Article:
We began with my own duck liver paté, Ina Garten's salmon caviar dip (I double the amount of caviar and of the dill), home-baked potato chips for my gluten-intolerant friends (see our link), and pimento-stuffed green olives that had been each wrapped with a white anchovy. The meal began with a cup of Julia Child's luscious mushroom velouté, then her spinach gratin, garlic-tinged flageolets (using a wonderful Thomas Keller recipe from Bouchon), and a glorious double rack of lamb that I trusted to an herb rub and roasting method from Sara Jenkins' always rewarding 2008 cookbook, Olives & Oranges. I then served a green salad and a big wedge of Colston Bassett Stilton (gorgeous, hard to find, and bought at Zabar's) and my own baked breadsticks instead of bread (plus store-bought gluten-free crackers). Beverages had begun with icy cold Prosecco followed by a superb and favorite super Tuscan wine (all generously brought by our guests), and vintage port at the end. The meal finished with lemon mousse and a platter of shortbread and iced spice cookies and two candies I made using genius recipes from Edd Kimber's outstanding 2015 book, Patisserie Made Simple. I had written about Edd's book in a year-end article about cookbook gift ideas (see our link) and the more I work from it, the more I have to praise the way he makes our most favorite French desserts accessible to the most insecure home cook.
One of the candies was what are called Orangettes, or what many of us know as candied orange rinds. I appreciate that most of us are trying to do a bit of detoxing after the holidays, but tuck this one away for the next time you have a dinner party. They can be made days in advance, which is a plus. Serve a little plate of them at the end of any meal, maybe with a glass of Cognac, as the flavors couldn't be more perfect together.
Mr. Kimber also provides the instruction for coating the finished sugared rinds in tempered dark chocolate. I didn’t have the time to do this for my Christmas meal, but given how amazing these are without the chocolate, the next time I won't even be tempted.
Orangettes (adapted from Patisserie Made Simple by Edd Kimber)
Makes about 60 pieces
4 large organic naval oranges (you're eating the skins so buy organic)
1 3/4 cups sugar, plus more for coating
Wash the oranges in cool water and dry with a paper towel.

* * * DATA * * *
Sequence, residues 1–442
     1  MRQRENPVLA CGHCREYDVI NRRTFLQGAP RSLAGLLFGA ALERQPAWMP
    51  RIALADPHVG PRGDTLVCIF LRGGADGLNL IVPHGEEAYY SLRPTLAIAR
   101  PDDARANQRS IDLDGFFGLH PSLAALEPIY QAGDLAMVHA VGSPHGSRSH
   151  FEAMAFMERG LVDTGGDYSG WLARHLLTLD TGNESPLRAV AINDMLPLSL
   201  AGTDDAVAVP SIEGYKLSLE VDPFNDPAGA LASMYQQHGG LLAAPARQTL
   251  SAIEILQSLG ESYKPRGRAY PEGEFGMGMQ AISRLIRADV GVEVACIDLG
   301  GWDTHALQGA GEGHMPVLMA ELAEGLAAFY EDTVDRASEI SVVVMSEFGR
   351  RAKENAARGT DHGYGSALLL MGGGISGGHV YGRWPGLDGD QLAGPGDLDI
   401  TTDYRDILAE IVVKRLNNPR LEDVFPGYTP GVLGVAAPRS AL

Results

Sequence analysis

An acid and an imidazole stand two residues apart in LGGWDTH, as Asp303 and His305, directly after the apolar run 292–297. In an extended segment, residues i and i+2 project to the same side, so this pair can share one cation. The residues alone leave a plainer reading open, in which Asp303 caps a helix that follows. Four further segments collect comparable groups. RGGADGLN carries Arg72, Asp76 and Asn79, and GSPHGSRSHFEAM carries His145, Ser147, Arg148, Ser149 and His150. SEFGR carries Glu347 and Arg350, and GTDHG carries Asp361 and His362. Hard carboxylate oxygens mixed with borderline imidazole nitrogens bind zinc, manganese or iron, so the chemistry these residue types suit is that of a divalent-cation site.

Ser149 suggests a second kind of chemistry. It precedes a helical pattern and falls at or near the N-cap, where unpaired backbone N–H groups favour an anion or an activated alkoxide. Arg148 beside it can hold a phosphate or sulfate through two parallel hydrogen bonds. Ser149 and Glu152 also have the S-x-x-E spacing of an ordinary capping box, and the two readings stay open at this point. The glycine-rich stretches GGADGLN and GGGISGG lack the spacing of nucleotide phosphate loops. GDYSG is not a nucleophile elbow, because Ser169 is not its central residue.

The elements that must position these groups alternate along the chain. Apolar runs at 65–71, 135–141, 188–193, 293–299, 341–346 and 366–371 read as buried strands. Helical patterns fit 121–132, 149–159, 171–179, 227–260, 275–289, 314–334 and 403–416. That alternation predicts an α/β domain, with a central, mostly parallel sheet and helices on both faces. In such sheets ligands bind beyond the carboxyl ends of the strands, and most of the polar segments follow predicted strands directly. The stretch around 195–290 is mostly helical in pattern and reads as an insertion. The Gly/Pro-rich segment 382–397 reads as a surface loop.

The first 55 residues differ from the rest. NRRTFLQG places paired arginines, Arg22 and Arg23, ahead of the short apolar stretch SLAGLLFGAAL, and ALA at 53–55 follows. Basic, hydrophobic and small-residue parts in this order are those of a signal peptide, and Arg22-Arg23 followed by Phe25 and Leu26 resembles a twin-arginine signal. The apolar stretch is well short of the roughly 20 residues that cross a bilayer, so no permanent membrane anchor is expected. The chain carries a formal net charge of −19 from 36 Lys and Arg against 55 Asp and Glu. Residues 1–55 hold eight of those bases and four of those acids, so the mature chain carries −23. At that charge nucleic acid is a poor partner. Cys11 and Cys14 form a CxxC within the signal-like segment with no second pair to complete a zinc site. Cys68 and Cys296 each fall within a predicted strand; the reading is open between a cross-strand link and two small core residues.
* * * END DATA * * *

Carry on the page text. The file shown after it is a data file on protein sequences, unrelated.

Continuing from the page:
Slice off both ends of the oranges and then score the peel into quarters. This will let you remove the orange peel in four large pieces. Carefully remove the peel from the fruit and then cut them into 3/8-inch-wide strips.
Put the strips in a medium pan and cover with cold water. Set the pan over high heat and bring to a boil. Simmer for 2 minutes to blanch the peel. Drain off the boiling water and repeat the process another three times. This process will help reduce the bitterness in the peel and also begin to soften them.
Set the blanched slices aside.
Put the sugar in the same pan and add 1 3/4 cups water. Bring to a boil over medium-high heat and stir a bit to help the sugar dissolve. Add the orange peels and reduce the heat to a simmer, then cook for up to 1 hour or until the slices are soft and almost translucent. Remove from the heat.
Using a pair of tongs, lift the slices from the syrup and put them onto a piece of parchment paper in a single layer. The leftover syrup can be cooled and refrigerated and used in cocktails (a Cosmo would be a good use).
Leave the slices to dry for at least 4 hours or until the surfaces have become tacky. Put about 3/4 cups sugar into a medium bowl and add the slices, a few at a time, and toss to coat thoroughly. Put the sugar-coated slices onto a clean sheet of parchment paper in a single layer and leave to dry overnight.
The orangettes will keep for up to two months in an airtight container but my prediction is that they will have all been eaten long before then.
So as we duck! into another new year and wring our hands over how to cook and eat well in 2016, remember to include a little sweetness. Given how the year has begun, I have a feeling we're going to need it.